Bill Cosby lost his bid to overturn his sexual assault conviction Tuesday, as an appeals court upheld the verdict in the first celebrity trial of the #MeToo era.

In its ruling, the Superior Court affirmed the right of prosecutors to call other accusers to bolster their case — the same issue fought over in movie mogul Harvey Weinstein's sexual assault trial, now set for Jan. 6.

"This decision is a reminder that no one is above the law," Andrea Constand, the victim in Cosby's case, said in a text message to The Associated Press on Tuesday.

Cosby's lawyers had complained that the judge had let five women testify at last year's retrial in suburban Philadelphia, although he had let just one woman testify at the first trial in 2017.

But the Superior Court said their testimony was evidence of Cosby's "unique sexual assault playbook" and undermined any claim that he "was unaware of or mistaken about victim's failure to consent."

The prosecutor who took the case to trial praised Constand for inspiring other victims to come forward against powerful men. She went to police long before the #MeToo movement saw prominent men in entertainment, business, media and other fields brought down over their treatment of women.

"She came to law enforcement almost 15 years ago seeking justice for what was done to her," Montgomery County District Attorney Kevin Steele said Tuesday. "The world is forever changed because of Andrea's bravery."

Lawyers for Cosby had argued eight issues on appeal. They challenged the judge's decision to air Cosby's damaging deposition testimony from a related lawsuit; said he had a binding promise from a former prosecutor that he would never be charged; and said a juror had prejudged Cosby's guilt.

The appeals court rejected those arguments and also upheld his classification as a sexually violent predator subject to lifetime supervision.

Cosby, 82, can now ask the state Supreme Court to consider his appeal. He recently said he is prepared to serve the full 10-year sentence rather than express remorse to the parole board.

The long-married Cosby, once beloved as "America's Dad" for his TV role as Dr. Cliff Huxtable on the hugely popular sitcom "The Cosby Show," has acknowledged having sexual contact with a string of younger women. Many of them went to him for career advice and then took alcohol or pills he offered.

In response to the court ruling, a spokesman for the actor repeated the attacks that Cosby's wife and handlers have long made on the judicial system. Cosby has called himself a political prisoner in the mold of Nelson Mandela and Martin Luther King Jr.

"This isn't about justice," spokesman Andrew Wyatt said Tuesday in a statement. "This is a political scheme to destroy America's Dad."

Cosby maintains his innocence, he said, and still hopes to prevail at the state Supreme Court.

Cosby has been serving a three- to 10-year sentence at a maximum-security state prison not far from his estate in suburban Philadelphia, where the 2004 encounter, which he says he deemed consensual, took place.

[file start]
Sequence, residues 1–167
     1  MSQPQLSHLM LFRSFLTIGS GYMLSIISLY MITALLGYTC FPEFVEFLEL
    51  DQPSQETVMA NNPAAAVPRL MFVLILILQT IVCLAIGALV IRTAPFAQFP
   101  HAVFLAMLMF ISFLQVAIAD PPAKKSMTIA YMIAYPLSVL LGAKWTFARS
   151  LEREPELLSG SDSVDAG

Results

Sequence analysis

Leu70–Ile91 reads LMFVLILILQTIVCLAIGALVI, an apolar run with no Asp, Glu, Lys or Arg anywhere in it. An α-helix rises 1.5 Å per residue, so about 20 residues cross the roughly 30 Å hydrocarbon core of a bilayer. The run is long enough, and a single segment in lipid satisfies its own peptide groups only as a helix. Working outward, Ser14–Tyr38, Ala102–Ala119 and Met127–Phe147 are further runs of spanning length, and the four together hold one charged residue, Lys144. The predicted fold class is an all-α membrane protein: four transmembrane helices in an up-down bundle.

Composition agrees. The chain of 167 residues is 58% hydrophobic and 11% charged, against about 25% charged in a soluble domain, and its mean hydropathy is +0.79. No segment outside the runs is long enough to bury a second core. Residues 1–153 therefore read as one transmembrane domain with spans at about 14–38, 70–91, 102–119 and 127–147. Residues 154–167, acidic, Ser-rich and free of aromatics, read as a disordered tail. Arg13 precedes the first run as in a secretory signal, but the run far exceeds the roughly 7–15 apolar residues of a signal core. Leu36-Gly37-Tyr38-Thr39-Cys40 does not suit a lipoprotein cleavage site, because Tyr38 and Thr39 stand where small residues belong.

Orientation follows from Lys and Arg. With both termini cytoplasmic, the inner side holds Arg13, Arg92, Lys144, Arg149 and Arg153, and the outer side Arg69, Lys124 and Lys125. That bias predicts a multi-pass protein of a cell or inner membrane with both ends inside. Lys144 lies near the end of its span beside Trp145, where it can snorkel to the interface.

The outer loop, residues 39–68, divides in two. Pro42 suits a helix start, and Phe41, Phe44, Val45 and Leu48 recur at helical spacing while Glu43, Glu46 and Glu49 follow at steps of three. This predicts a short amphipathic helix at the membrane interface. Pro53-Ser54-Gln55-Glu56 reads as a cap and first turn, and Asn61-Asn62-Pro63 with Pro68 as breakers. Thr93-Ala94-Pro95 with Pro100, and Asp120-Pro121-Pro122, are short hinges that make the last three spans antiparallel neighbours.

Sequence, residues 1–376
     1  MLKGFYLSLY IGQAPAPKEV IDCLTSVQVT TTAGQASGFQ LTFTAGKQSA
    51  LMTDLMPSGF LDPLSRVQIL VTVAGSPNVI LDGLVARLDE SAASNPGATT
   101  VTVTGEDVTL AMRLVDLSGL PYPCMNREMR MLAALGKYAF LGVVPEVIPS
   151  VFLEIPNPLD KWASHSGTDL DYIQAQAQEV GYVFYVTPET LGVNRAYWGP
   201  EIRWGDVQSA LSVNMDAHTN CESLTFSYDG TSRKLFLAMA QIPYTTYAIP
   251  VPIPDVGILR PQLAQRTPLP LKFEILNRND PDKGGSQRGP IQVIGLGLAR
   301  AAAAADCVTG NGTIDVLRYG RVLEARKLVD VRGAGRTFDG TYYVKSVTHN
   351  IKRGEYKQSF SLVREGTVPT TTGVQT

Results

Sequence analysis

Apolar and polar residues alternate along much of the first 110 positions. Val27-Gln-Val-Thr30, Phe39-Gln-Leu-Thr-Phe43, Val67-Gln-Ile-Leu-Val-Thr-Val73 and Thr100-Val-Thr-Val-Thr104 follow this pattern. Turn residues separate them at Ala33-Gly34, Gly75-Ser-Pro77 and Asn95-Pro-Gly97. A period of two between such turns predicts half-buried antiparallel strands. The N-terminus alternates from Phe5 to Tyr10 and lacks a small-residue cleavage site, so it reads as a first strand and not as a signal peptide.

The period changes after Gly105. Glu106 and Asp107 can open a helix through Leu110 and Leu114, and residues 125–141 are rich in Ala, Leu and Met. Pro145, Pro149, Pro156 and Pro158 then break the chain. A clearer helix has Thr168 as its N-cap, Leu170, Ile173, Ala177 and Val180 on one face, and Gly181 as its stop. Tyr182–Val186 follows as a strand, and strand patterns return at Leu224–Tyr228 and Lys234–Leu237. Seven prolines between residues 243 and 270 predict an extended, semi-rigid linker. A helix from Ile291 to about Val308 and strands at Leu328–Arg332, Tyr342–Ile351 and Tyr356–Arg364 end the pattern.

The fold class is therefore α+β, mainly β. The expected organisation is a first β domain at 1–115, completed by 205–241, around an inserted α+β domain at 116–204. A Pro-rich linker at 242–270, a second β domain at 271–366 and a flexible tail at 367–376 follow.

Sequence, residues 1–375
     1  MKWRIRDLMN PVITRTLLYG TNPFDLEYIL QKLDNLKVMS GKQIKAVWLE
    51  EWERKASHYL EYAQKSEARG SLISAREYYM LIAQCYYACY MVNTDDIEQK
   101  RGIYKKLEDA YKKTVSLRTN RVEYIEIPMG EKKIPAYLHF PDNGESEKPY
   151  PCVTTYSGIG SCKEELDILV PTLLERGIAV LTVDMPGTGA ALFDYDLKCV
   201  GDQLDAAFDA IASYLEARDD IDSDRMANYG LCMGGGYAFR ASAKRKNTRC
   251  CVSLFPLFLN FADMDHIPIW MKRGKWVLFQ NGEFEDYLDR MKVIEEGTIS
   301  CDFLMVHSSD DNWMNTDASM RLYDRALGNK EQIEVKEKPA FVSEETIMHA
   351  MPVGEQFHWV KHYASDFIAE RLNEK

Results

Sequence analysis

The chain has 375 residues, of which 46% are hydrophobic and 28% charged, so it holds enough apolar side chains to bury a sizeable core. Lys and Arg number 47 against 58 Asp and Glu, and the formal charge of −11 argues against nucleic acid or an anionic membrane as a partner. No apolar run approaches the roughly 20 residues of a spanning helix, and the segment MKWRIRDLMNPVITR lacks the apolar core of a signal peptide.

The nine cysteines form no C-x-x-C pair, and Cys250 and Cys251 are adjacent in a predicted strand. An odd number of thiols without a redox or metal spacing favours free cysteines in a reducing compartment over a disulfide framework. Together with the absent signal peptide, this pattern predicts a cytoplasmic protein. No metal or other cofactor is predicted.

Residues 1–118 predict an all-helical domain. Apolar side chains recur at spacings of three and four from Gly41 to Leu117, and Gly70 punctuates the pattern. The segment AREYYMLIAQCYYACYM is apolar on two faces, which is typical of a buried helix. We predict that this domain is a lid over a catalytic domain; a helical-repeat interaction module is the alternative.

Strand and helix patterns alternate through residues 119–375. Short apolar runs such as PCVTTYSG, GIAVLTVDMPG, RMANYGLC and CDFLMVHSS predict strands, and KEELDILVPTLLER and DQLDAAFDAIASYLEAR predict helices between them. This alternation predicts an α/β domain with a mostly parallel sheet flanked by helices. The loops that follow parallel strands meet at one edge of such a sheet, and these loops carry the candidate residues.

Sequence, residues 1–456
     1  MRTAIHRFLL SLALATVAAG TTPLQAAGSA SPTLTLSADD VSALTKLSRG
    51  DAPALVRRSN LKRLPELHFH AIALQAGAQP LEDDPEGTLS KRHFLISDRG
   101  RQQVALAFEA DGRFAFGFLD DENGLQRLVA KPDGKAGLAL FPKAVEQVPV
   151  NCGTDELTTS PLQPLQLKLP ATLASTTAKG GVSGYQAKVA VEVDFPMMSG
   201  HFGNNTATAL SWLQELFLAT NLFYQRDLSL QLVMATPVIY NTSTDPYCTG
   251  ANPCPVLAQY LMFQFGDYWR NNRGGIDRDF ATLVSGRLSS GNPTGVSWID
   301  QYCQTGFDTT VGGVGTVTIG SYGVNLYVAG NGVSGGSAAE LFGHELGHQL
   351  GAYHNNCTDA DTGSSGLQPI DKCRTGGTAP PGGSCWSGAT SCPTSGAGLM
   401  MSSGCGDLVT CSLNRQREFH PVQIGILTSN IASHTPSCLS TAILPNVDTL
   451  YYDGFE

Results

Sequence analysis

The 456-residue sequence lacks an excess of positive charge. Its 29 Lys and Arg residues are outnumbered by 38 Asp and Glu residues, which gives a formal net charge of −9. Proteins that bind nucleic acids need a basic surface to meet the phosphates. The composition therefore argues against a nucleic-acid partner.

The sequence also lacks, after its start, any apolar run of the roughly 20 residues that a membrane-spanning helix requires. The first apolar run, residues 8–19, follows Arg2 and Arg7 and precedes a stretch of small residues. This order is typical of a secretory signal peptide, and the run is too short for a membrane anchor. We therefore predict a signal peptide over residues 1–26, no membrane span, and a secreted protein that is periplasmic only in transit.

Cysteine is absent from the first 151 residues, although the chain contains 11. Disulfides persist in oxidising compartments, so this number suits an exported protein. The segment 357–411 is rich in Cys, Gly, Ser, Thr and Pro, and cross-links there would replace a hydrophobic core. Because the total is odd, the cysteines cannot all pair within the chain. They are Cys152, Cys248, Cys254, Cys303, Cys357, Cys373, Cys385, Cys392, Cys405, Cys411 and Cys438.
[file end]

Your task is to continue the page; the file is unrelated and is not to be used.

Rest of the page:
He was arrested a decade later, after a federal judge unsealed portions of the deposition at the request of the AP and new prosecutors reopened the criminal case. In the deposition, Cosby acknowledged getting quaaludes in the 1970s to give to women before sex.

Judge Steven O'Neill's decision to let the other accusers testify came after more than 60 women accused Cosby of sexual misconduct. Prosecutors asked to call 19 of them. Superior Court Judge John Bender, who wrote the 94-page opinion, focused on the issue when the appeal was argued in August.

"The reality of it is, he gives them drugs and then he sexually assaults them. And in four out of the five, those were in mentor situations," Bender said, challenging the defense.

Kristen L. Weisenberger, representing Cosby, said one of the women wasn't even sure she was sexually assaulted. However, the panel concluded Tuesday, that's how Cosby planned it.

O'Neill had allowed just one other accuser at Cosby's first trial in 2017, when the jury deadlocked.

The defense has long suggested that many of the accusers were gold diggers seeking money or fame.

Cosby agreed to pay Constand about $3.4 million to settle the lawsuit she filed after a prosecutor failed to arrest Cosby when she went to police in 2005. His insurance company, following his conviction, settled at least nine other defamation lawsuits filed by accusers for undisclosed sums.

Constand, a former Temple University women's basketball team manager who now lives in Toronto, thanked Steele for fighting "tirelessly throughout two trials and the appeals process" for her.

A professional basketball player-turned-massage therapist, she is launching a foundation to help other sexual assault victims with their healing. She is also starting to work with law enforcement groups to help them understand the process that victims go through.

Lawyer Gloria Allred, who represented several of the other Cosby accusers who testified, said they helped show "that Mr. Cosby knew when he drugged Andrea Constand that she also had no power to consent."

The AP does not typically identify sexual assault victims without their permission, which Constand has granted.

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